Wealth taxes proposed by Sens. Elizabeth WarrenElizabeth Ann WarrenHill.TV’s Saagar Enjeti: ‘Woke cultural left’ could complicate Sanders’s economic message Klobuchar releases names of bundlers On The Money: Economy adds 145K jobs, meeting expectations | Dow briefly surpasses 29,000 for first time | Poll finds majority back tax hike for richest Americans MORE (D-Mass.) and Bernie SandersBernie SandersHill.TV’s Saagar Enjeti: ‘Woke cultural left’ could complicate Sanders’s economic message Klobuchar releases names of bundlers On The Money: Economy adds 145K jobs, meeting expectations | Dow briefly surpasses 29,000 for first time | Poll finds majority back tax hike for richest Americans MORE (I-Vt.) would result in more than $1 trillion in lost earnings for workers over a decade, according to a report released Friday by the conservative American Action Forum (AAF).
“It turns out that no man is an economic island, and if you tax a handful of wealthy Americans, it affects the whole economy,” report co-author Douglas Holtz-Eakin, a former head of the Congressional Budget Office, told The Hill.
Raising taxes on the rich has been a top priority for Warren and Sanders, the two leading progressive candidates in the field of White House hopefuls.
Warren’s proposal would tax net worth between $50 million and $1 billion at 2 percent, and net worth above $1 billion at 6 percent. Sanders’s proposal includes a 1-percent bracket for married couples’ wealth between $32 million and $50 million, and rises to an 8-percent bracket for married couples’ wealth over $10 billion, with several brackets in between.
AAF commissioned the accounting firm Ernst & Young to analyze the two proposals. Holtz-Eakin, who has advised GOP presidential candidates in the past, said the goal was to ensure the report conformed with the modeling standards used by the nonpartisan Joint Committee on Taxation and Congressional Budget Office.
Under AAF’s analysis, Warren’s proposal would reduce gross domestic product (GDP) by 1 percent annually in the long run, compared with a 1.3 percent reduction in the Sanders plan.
The proposed taxes would also reduce consumption, private investment and the labor supply in the long run, according to the report.
Warren’s wealth tax would lead to $1.2 trillion in lost earnings, in 2018 dollars, for workers from 2021 to 2030, compared with $1.6 trillion under Sanders’s tax. Both proposals in the long run would impose “an effective tax of 63 cents on workers for every dollar the government raises in revenue from the wealthy,” the report said.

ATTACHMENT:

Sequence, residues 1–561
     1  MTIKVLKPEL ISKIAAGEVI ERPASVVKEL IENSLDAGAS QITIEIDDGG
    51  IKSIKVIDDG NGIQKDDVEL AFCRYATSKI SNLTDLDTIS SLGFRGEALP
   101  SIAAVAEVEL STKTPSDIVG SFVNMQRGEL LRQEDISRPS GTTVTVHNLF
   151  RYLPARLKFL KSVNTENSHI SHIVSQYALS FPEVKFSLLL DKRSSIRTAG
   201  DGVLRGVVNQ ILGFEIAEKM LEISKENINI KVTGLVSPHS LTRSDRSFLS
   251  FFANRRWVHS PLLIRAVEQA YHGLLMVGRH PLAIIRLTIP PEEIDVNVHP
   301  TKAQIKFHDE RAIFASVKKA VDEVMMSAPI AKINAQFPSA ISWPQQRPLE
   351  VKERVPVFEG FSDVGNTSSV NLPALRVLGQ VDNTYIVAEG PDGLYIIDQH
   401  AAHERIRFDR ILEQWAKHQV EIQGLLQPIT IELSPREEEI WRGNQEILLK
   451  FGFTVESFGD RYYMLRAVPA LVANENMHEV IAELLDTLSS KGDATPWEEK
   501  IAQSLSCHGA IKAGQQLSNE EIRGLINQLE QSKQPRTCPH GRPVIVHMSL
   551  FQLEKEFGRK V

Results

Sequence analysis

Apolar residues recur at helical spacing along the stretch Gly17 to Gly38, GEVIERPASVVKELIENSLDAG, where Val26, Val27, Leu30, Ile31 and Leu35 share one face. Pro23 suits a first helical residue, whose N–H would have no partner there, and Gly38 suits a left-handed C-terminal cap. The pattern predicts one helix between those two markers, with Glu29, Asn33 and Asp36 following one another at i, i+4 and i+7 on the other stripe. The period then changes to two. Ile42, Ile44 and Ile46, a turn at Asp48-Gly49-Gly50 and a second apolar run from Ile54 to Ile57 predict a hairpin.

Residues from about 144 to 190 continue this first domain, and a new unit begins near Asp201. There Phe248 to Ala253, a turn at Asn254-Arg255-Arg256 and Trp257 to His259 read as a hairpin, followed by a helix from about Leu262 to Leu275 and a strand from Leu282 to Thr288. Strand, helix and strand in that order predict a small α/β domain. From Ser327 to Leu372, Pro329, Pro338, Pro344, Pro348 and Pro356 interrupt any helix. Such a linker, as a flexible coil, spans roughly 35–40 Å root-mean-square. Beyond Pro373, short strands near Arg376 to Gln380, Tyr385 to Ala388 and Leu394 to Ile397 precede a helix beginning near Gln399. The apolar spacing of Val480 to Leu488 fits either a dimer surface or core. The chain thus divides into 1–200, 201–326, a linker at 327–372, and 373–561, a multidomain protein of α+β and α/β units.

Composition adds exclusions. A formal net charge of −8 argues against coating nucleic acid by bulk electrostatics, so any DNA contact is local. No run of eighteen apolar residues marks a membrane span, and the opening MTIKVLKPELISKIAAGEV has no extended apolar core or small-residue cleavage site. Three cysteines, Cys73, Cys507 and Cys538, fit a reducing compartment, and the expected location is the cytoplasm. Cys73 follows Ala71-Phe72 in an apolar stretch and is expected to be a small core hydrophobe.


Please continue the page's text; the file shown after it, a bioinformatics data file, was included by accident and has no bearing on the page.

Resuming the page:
Warren’s campaign criticized AAF’s report, saying the investments financed by her wealth tax would benefit the economy.
“This analysis from a right-wing think tank relies on disproven assumptions about how taxes on the ultra-rich affect the economy,” Warren campaign spokeswoman Saloni Sharma said in a statement. “Elizabeth’s wealth tax will produce trillions in revenue to fund middle-class investments that will grow our economy and provide families with more financial security.”
Sanders’s campaign did not immediately respond to a request for comment.
The AAF report generated other criticism on the left. Michael Linden, executive director of the Groundwork Collaborative, a progressive nonprofit focused on economic policy, said on Twitter that wealth taxes can help correct economic problems caused by large concentrations of private wealth.
“Arguments that a wealth tax will ‘hurt the economy’ always ignore negative effects of wealth inequality, and rely on an empirically unsupported idea of the relationship between taxes and investment,” Linden tweeted. “Remember how the corporate tax cut was supposed to unleash an investment boom?”
Warren has said she would use revenue from her wealth tax to help pay for “Medicare for All” and finance several education-related priorities. Sanders has said his plan would generate Medicare for All funding and help pay for his affordable housing and universal child care proposals.
The AAF report did not analyze those spending proposals. The report’s base assumes that the revenue raised by the wealth-tax proposals would be distributed to households in the form of transfer payments that have no impact on productivity.
Under other estimates in the report that assume government transfers have a high impact on productivity, the two proposals would increase GDP in the long run.
But Holtz-Eakin said such findings have nothing to do with wealth taxes.
“That tells you that if there are some really productive investments the government can make, you should finance them in a less destructive fashion,” he said.